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The Last Picnic : The Pleasures of Panini

September 02, 1993|VIANA LA PLACE | La Place is the author of "Panini, Bruschetta, Crostini," which will be published by William Morrow in the spring of 1994

The sandwich may not have originated in Italy, but nowhere else is it prepared with such care and creativity. Perhaps this is due to the quality and diversity of Italian bread, the array of fresh and healthy ingredients available, and the simplicity with which Italians combine them. Italians have taken to the form and given sandwiches a name of their own-- panini.

By nature, Italians have a highly developed sense of play and imagination (think of the multitude of pasta shapes), and they bring these characteristics to the task of fashioning bread into different shapes and flavors. From the hands of the bread baker comes a range of breads to choose from when making panini : michette , round rolls with hollow centers; fat, cigar-shaped loaves called filone ; focaccia , a flatbread, sparkling with sea salt or fragrant with herbs; little rolls as small as cherries to stuff with elegant fillings, and many other breads that are rustic, regional or refined.

Panini have become a part of Italy's eating tradition: a light bite between meals, miniature panini served with drinks before dinner, hearty panini tucked into a basket and eaten on a picnic or on the train. Even in the land of the long lunch, busy working people can often be found leaning against the counter of a bar eating freshly prepared panini chosen from an enticing array.

Here in California, what could be more delightful than enjoying the tastes of panini al fresco ? After all, sandwiches are the ideal picnic food: easy to make, easy to transport and easy to eat. And when made Italian-style, they take on a whole new dimension.

With our very own Mediterranean-like climate--blue water, palm trees and sultry summer days--this is perfect land for picnicking. What better way to recreate the joyous feeling of life than to bite into a panino tasting of Italy, while picnicking by the sea?

Of course, Italians don't need to go very far to satisfy their craving for panini. Bars and caffes are where much of the panini action takes place, and there seems to be one on every street and street corner; they are in bus stations and airports, at beach and mountain resorts, in large public parks, and at the end of dusty and desolate country roads. Small villages may have only one bar or two competing ones, but they are important gathering places, where locals share news and socialize.

The majority are neighborhood places for grabbing an espresso, swallowed in a few quick sips, drinking a small cold beer on a hot afternoon, enjoying a diabolically bitter digestivo or having a fluffy cappuccino and cornetto (croissant) before heading off for work in the morning. At a bar, panini and drinks are dispensed from behind the counter and consumed while standing; caffes offer seating and are equipped with waiters. The first offers speed, the second the pleasure of lingering.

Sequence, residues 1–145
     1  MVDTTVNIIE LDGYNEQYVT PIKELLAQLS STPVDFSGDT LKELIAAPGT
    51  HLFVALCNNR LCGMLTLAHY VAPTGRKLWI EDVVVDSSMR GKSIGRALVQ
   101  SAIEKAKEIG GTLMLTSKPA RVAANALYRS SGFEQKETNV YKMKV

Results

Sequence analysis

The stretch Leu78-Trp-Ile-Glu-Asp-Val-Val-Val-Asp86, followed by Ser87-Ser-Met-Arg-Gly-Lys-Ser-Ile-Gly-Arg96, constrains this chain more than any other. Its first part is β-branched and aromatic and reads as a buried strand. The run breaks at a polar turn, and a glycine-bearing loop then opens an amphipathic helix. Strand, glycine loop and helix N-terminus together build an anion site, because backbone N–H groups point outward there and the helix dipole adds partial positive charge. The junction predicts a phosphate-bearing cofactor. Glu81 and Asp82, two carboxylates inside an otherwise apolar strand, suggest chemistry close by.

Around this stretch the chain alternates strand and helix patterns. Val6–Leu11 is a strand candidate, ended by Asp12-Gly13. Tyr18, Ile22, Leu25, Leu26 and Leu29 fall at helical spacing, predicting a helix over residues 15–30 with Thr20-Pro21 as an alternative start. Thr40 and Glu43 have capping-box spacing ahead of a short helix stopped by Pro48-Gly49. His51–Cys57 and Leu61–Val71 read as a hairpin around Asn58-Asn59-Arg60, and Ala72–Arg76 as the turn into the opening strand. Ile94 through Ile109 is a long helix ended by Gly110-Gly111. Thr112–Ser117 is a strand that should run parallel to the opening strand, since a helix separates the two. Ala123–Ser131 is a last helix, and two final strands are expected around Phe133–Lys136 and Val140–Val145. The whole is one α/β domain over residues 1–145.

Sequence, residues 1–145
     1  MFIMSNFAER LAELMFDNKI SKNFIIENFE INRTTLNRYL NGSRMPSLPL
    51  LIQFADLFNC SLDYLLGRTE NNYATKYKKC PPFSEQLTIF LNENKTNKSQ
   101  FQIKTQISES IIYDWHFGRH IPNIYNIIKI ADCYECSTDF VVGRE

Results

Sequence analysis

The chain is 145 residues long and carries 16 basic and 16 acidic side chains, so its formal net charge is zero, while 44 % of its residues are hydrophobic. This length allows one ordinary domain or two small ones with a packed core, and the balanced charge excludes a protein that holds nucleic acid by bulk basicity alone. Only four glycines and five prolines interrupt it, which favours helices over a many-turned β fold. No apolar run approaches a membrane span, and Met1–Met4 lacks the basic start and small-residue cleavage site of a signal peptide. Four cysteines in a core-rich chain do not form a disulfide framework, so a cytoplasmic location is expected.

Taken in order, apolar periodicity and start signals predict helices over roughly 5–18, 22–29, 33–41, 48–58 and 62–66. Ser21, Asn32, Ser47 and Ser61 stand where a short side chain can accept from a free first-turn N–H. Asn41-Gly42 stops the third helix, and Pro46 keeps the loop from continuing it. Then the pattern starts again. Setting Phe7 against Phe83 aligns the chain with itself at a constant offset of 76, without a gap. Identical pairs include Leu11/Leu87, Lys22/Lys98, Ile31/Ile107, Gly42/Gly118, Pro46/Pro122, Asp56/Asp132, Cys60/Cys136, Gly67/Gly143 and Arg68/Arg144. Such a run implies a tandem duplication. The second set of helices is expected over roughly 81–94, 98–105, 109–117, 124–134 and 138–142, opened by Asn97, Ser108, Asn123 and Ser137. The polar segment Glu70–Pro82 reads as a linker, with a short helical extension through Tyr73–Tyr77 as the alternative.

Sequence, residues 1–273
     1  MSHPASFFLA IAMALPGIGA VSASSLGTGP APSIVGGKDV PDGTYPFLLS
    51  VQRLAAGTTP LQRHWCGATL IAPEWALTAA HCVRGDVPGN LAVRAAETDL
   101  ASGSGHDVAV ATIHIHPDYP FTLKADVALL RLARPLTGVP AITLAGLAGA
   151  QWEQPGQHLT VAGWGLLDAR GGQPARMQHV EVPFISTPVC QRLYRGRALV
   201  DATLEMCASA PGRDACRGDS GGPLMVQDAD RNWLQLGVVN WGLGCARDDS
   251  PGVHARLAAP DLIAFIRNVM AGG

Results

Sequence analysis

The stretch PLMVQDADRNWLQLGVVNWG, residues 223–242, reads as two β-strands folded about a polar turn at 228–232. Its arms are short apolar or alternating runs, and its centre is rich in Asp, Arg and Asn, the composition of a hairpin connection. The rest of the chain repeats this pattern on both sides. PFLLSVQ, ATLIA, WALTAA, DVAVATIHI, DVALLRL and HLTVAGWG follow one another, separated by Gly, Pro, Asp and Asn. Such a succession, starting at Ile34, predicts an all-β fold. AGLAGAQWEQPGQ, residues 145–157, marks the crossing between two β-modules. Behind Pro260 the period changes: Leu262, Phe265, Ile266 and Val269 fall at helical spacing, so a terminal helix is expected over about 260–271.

In Rome, some of the best caffes may be found within a short distance from each other.

Caffe Greco is located on a fashionable shopping street, the Via Condotti, which leads directly into the heart of the Piazza di Spagna. Outside the caffe's doors is a constant stream of humanity--families, flocks of school children, glamorous women, sleek and bronzed and adorned with jewels, and tourists, waves of tourists. Even the woman selling hot roasted chestnuts and green olives from a barrel in the Piazza di Spagna seems to pity the weary but determined tourists as she watches them go by.

Located in the same spot for more than two centuries, this venerable caffe offers a respite to all--tourists and Romans, young and old. Behind its beautiful polished wood doors is a series of elegant rooms, walls lined with gilt-framed mirrors reflecting golden light, making you feel you've traveled into the past. Antique marble-topped tables and banquettes covered in worn crimson velvet are set against a background of colored smoky vanilla. Waiters in slightly faded formal attire bear silver trays laden with small sandwiches, pastries and assorted drinks.

Although the sandwiches at Caffe Greco are far from the best to be found in Rome, the setting is so enchanting that you surrender to it and enjoy the show: two wealthy Roman matrons with matching Yorkshire terriers drinking espressos; Japanese tourists dressed head to toe in Italian designer fashions sipping white wine; an American actor and director talking Hollywood, seated next to a refined old Italian gentleman, his cane propped against his little caffe table, and the jolliest of the lot, three British women on holiday enjoying their cappuccinos, one commenting that if this caffe were in her neighborhood, she'd be "nippin' in 'ere all the time!"

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